Al-Qaeda’s affiliate in Somalia has claimed responsibility for a deadly bombing in the capital, Mogadishu, over the weekend, and the death toll from the terrorist attack has risen to 90 people.
The al-Shabab terrorist group claimed responsibility for the blast that took place at the busy Ex-Control checkpoint, northwest of Mogadishu, on Saturday.
“The blast targeted a convoy of Turkish and Somali forces and they suffered great loss,” a spokesman for al-Shabab said in an audio message on Monday.
Meanwhile, an international organization, which did not want to be named, said the death toll had risen to 90, adding that university students and 17 police officers were among the victims, Reuters reported.
A Somali MP also confirmed the report, saying in a tweet that he had been told the death toll was more than 90.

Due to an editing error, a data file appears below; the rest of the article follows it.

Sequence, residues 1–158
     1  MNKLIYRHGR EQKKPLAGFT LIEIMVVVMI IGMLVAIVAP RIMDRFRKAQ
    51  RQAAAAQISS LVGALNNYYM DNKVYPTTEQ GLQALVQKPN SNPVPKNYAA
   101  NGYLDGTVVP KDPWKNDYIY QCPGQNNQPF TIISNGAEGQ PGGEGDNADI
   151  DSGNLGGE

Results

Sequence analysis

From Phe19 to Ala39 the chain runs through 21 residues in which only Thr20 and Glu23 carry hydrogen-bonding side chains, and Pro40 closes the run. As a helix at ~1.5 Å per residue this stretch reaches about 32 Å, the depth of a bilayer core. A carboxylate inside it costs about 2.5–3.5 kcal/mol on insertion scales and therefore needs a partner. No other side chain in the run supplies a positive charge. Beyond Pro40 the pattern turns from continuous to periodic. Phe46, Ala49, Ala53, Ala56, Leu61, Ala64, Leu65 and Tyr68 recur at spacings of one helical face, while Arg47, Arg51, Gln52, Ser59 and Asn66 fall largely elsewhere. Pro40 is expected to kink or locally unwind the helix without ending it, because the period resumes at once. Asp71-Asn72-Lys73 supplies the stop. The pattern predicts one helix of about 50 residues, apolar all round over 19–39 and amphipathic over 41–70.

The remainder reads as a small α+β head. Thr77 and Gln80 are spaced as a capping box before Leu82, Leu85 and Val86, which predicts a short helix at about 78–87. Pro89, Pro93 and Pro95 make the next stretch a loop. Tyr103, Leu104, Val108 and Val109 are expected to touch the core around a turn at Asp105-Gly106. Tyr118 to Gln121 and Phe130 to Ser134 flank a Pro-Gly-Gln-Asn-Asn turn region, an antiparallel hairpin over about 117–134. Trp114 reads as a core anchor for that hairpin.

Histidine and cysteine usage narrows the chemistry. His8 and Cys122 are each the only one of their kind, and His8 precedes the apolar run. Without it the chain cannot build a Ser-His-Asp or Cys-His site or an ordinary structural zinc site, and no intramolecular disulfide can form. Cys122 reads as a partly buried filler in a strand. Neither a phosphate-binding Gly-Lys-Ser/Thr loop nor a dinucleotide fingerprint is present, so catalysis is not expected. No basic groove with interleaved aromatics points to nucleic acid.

Two Turkish citizens were among the dead, as a small team of Turkish engineers was present at the time of the explosion, constructing a road into the city.
Turkey on Sunday dispatched a military plane with medics to help with the treatment of the wounded and to evacuate some of them.
Meanwhile, the Somali intelligence agency said a foreign country had planned the attack.
“A foreign country planned the massacre of the Somalis in Mogadishu on Dec 28, 2019,” the National Intelligence and Security Agency (NISA) said in a tweet, without naming the country.
Somalia has become an arena for diplomatic rivalry between Turkey and Qatar on the one side and Saudi Arabia and the United Arab Emirates on the other in recent years.
NISA also said it would use assistance from an unnamed foreign intelligence organization in its investigation of the attack.
Al-Shabab has been carrying out attacks in Somalia since 2006. It has pledged allegiance to al-Qaeda more recently. The deadliest attack blamed on the Takfiri group took place in 2017, when a truck bomb went off next to a fuel tanker in Mogadishu, leaving about 600 people dead.